The fight recalls several previous fights of Tyson’s with opponents who, out of fear or cunning, or both, refused to fight him; yet more worrisomely it recalls Joe Louis’s predicament as heavyweight champion in those years when, after having cleared the heavyweight division of all serious contenders, he was reduced to fighting mere opponents—”Bums-of-the-Month” as the press derisively called them. Worse, Louis’s reputation as a puncher, a machine for hitting, so intimidated opponents that they were frightened to enter the ring with him. (“Enter the ring? My man had to be helped down the aisle,” one manager is said to have said.) For a sport routinely attacked for its brutality boxing has had its share of historically shameful episodes: Louis’s title defense against a long-forgotten challenger named Pastor, whom he chased for ten dreary rounds of running and clutching, running and clutching, is invariably cited. While Rocky Marciano/Jersey Joe Walcott I (September 1952) was notable for both fighters’ courage this was the fight that gave Marciano the heavyweight title the rematch eight months later ended with the first punch thrown by Marciano: Walcott sat on the canvas and made no effort to get up as he was counted out. (“After twenty-three years as a professional fighter, the former champion went out in a total disgrace that no excuses can relieve”—Red Smith, a former admirer of Walcott.) Both Muhammad Ali/Sonny Liston title matches were memorable for Liston’s surprising behavior: in the first, in which Liston was defending his title, he refused to continue fighting after the sixth round, claiming a shoulder injury; in the second, he went down with mysterious alacrity at one minute forty-eight seconds of the first round, struck by a devastating, if invisible, blow to the head. (This defeat disgraced Liston and effectively ended his career: he was never to be offered another championship fight. Even the circumstances of his death some years later at the age of thirty-eight were suspicious.) There was Dempsey’s notorious fight with Tommy Gibbons in Shelby, Montana, in 1923, which made money for Dempsey and his promoter, Kearns, while nearly bankrupting the town; there was the bizarre “Slapsie” Maxey Rosenbloom, world light-heavyweight champion of the early 1930s, a sort of pacifist of boxing, whose strategy was to hit (or slap, gloves open) and run—a boxing style as exciting to watch, it is said, as the growth of tree rings. While no one has ever questioned Marvelous Marvin Hagler’s integrity, his defense of his middleweight title against Roberto Duran some years ago left many observers skeptical—the usually aggressive Hagler seemed oddly solicitous of his opponent. But the most scandalous boxing incident of modern times still remains Duran’s decision, two minutes and forty-four seconds into the eighth round of his welterweight title defense with Sugar Ray Leonard in 1980, to simply quit the fight—“No mas!” No more! Leonard had been outboxing him, making a fool of him, and Duran had had enough. Machismo punctures easily.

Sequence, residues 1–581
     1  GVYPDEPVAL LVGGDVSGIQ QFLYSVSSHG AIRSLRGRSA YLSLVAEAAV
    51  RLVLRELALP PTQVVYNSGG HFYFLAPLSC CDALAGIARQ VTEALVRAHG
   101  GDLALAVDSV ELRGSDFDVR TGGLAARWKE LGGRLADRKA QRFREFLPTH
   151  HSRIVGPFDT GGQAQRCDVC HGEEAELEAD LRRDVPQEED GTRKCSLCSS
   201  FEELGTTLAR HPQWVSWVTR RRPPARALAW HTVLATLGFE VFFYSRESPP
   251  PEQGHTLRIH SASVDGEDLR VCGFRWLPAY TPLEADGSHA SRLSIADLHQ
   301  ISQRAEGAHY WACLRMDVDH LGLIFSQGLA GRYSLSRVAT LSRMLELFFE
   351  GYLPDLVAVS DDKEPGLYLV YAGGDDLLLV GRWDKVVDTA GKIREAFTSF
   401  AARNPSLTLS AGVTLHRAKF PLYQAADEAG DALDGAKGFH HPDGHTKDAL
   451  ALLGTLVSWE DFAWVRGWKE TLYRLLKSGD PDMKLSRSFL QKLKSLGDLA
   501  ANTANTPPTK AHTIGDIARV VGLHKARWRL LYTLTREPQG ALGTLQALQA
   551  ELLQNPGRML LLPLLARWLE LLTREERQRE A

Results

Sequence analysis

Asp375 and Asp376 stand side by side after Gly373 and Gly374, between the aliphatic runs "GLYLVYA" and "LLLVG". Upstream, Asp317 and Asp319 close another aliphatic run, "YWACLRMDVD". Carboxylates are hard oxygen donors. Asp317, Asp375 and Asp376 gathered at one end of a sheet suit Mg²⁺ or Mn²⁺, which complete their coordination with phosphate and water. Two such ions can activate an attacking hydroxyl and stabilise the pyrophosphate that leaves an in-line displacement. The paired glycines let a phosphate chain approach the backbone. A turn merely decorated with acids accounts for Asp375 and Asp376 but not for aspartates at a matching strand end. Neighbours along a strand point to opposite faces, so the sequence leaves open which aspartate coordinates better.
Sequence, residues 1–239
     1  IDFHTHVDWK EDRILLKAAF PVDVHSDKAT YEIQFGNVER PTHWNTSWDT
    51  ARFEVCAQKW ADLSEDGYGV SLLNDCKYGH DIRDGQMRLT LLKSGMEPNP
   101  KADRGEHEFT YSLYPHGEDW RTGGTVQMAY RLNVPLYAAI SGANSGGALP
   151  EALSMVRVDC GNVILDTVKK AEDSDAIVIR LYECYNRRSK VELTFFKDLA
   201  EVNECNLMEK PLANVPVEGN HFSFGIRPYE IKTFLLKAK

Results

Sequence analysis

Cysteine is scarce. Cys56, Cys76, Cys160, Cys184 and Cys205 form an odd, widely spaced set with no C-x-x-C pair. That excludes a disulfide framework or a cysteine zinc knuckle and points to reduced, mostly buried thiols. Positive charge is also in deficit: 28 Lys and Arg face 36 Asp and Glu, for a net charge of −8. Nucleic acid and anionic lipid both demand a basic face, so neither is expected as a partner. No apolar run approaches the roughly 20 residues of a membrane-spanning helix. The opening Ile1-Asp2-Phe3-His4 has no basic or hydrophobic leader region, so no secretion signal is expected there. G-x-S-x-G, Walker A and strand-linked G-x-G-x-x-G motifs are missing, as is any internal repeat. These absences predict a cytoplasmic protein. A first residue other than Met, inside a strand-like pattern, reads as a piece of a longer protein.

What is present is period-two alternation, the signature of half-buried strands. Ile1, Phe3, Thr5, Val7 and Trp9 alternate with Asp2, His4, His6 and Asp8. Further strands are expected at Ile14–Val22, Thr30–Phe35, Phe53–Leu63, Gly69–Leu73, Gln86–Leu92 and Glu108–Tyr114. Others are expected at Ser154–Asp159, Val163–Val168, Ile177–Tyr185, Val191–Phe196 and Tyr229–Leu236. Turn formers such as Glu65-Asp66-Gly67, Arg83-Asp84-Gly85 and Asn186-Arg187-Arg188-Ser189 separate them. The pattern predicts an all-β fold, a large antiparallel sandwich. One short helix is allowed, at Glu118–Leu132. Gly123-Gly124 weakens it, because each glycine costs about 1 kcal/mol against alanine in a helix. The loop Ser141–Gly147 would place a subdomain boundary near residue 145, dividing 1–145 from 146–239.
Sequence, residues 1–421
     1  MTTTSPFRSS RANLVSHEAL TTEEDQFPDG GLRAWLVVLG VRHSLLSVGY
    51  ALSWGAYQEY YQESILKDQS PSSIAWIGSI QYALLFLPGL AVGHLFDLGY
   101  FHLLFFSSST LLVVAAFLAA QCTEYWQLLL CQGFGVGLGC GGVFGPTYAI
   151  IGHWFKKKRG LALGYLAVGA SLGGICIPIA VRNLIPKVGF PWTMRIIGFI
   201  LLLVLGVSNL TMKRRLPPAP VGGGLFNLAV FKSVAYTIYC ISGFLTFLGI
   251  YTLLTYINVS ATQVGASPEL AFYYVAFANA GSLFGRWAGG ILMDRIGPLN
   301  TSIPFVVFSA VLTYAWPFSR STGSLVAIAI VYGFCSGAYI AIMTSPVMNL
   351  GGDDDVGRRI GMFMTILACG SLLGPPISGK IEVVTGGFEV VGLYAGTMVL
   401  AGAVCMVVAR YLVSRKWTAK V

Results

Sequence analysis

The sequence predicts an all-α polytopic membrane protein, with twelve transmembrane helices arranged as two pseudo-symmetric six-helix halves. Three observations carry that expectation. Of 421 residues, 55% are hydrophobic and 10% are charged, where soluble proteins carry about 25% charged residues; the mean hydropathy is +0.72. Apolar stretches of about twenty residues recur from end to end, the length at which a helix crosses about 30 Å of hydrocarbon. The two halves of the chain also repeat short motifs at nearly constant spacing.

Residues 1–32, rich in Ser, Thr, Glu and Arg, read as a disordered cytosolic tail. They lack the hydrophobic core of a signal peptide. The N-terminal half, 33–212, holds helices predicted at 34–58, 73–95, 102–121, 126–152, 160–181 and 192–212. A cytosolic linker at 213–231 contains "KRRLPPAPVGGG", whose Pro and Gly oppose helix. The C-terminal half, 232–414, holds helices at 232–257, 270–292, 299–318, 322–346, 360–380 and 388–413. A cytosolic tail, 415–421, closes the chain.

Though most of Mike Tyson’s twenty-eight fights have ended with knockouts, often in early rounds, and once (with Joe Frazier’s hapless son Marvis) within thirty seconds of the first round, several opponents have slowed him down as “Bonecrusher” Smith has done, and made him appear baffled, thwarted, intermittently clumsy. “Quick” Tillis and Mitch Green come most readily to mind; and, though Tyson eventually knocked him out, in the final round of a ten-round fight, Jose Ribalta. Perhaps the ugliest fight of Tyson’s career was with Jesse Ferguson, who, in a performance anticipating Smith’s, held onto him with such desperation after Tyson had broken his nose that even the referee could not free the men. (Ferguson was disqualified and the fight was ruled a TKO for Tyson.) Such performances do not constitute boxing at its finest moments, nor do they presage well for Tyson’s future: to be a great champion one must have great opponents.